Item description for Theodore Roosevelt: The Rough Riders/An Autobiography (Library of America) by Theodore Roosevelt, Louis Auchincloss, Moss Hart, Ring Lardner, Morrie Ryskind, Glenn LeDrew, Frances F. Berdan & Gerard S. Sloyan...
Overview Theodore Roosevelt recalls his experiences during the Spanish-American War as well as his ventures as a cattleman, state legislator, police commissioner, governor, and president.
Publishers Description The Rough Riders (1899) is the story of the First U.S. Volunteer Cavalry, the regiment Roosevelt led to enduring fame in Cuba during the Spanish-American War. Roosevelt recounts how the regiment was raised from an unusual mixture of hardened southwestern frontiersmen and privileged northeastern college graduates, and how it trained in Texas and then sailed "southward through the topic seas toward the unknown." Writing at a time when war could still be seen as a romantic adventure, Roosevelt describes the confusion of fighting in the jungle; the heat, hunger, rain, mud, and malaria that tested his men; and his "crowded hour" of triumph on the San Juan Heights. In An Autobiography (1913), Roosevelt recalls his lifelong fascination with natural history, his love of hunting and the outdoors, and his adventures as a cattleman in the Dakota Badlands, as well as his career in politics as a state legislator, civil service reformer, New York City police commissioner, assistant secretary of the navy, governor of New York, and president. Roosevelt writes of his battles against corruption and machine rule, efforts to establish America as a world power, historic achievements in conservation, and his growing conviction that only a strong national government and an energetic presidency could protect the public against the rapacious greed of modern corporations.
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Est. Packaging Dimensions: Length: 1.5" Width: 5" Height: 8" Weight: 1.7 lbs.
Release Date Oct 7, 2004
Publisher Library of America
ISBN 1931082650 ISBN13 9781931082655
Availability 11 units. Availability accurate as of Jan 20, 2017 05:06.
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More About Theodore Roosevelt, Louis Auchincloss, Moss Hart, Ring Lardner, Morrie Ryskind, Glenn LeDrew, Frances F. Berdan & Gerard S. Sloyan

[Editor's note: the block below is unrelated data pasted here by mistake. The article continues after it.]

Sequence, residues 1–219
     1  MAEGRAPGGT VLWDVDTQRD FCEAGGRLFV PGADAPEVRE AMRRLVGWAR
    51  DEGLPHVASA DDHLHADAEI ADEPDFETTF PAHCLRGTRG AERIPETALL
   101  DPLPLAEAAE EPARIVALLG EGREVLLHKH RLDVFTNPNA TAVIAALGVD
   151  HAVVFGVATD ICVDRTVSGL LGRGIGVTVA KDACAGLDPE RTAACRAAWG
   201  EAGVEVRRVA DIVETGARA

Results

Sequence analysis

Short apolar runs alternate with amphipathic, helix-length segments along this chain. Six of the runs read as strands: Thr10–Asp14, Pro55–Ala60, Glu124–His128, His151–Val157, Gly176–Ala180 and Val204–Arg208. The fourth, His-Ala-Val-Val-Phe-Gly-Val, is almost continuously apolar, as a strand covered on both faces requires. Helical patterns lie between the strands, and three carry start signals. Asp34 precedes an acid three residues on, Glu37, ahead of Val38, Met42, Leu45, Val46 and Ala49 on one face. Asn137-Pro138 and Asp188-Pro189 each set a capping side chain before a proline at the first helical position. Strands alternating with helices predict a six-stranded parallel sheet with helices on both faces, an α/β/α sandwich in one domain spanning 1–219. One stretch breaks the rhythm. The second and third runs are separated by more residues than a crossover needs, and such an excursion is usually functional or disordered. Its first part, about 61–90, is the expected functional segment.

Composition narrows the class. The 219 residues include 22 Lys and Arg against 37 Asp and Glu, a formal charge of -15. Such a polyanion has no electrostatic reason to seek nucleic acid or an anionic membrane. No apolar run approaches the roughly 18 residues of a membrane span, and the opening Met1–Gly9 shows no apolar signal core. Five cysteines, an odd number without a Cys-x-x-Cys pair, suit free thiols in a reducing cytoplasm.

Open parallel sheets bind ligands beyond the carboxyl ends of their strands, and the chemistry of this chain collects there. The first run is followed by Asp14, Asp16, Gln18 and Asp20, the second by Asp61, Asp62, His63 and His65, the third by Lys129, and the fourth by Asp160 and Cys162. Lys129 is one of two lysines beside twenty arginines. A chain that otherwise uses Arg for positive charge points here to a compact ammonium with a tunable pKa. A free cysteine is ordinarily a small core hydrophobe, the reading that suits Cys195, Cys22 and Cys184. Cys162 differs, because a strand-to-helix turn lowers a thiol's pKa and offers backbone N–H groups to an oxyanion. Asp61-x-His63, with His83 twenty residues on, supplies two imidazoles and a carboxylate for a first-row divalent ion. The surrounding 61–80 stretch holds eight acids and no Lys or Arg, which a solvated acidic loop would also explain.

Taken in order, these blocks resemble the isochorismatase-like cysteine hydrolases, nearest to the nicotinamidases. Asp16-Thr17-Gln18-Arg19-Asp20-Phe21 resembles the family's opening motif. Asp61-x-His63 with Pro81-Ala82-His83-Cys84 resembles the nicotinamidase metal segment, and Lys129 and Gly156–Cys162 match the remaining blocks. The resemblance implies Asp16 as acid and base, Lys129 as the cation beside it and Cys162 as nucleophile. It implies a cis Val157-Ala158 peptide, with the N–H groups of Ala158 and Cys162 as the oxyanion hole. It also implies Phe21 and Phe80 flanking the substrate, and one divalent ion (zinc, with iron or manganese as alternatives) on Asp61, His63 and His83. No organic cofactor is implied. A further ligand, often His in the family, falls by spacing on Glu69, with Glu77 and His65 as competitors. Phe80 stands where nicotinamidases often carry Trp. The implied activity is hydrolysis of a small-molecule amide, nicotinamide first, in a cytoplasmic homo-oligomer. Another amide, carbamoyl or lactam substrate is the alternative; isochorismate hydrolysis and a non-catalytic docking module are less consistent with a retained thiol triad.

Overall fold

Theodore Rooseveltwas born on October 27, 1858, and became the twenty-sixth president of the United States. He was a naturalist, writer, historian, and soldier. He died in 1919. Gordon Hutner, editor, is professor of English at the University of Illinois Urbana-Champaign. He founded in 1989 and is the editor of the journal American Literary History, and is considered one of the most influential editors of his generation. He is the author of What America Read: Taste, Class, and the Novel, 1920 1960. He also edited the volume Immigrant Voices: Twenty-Four Narratives on Becoming an American and American Literature, American Culture. "
Theodore Roosevelt was born in 1858 and died in 1919.
Theodore Roosevelt has published or released items in the following series...
Reviews - What do customers think about Theodore Roosevelt: The Rough Riders/An Autobiography (Library of America)?
An American Treasure - both the man and the works Mar 4, 2005
Reading this magnificent volume was a joy on many levels. First and foremost, Theodore Roosevelt could write. His prose is always strong, active, and colorful. In "The Rough Riders" he handles action better than most novelists. He picks just the right details about the situation to make it come alive. Whether it is talking about the sound of the bullets buzzing by and the value of smokeless powder because of the difficulty of spotting those using it against you or the plague of sand crabs picking at the dead the reader feels as if he were there.
I also found real pleasure in reading about a time in American history that I did not know that much about. Theodore Roosevelt was a young boy during the Civil War (and he had family on both sides of the conflict) and died in 1919 just after The Great War (WWI). "An Autobiography" was written in 1913 after his failed third party run for the presidency. It is a magnificent work because it is not a chronology of his life. Instead he tells the story of his life through some events that allow him to illuminate at length on various aspects of his philosophy of life. He talks about morals, civil service reform, his views on productivity and the working man versus the big corporations negotiating the end of the Russo-Japanese War and a lot more. At all times he shows how he has considered all sides of an issue and how he came to his decision.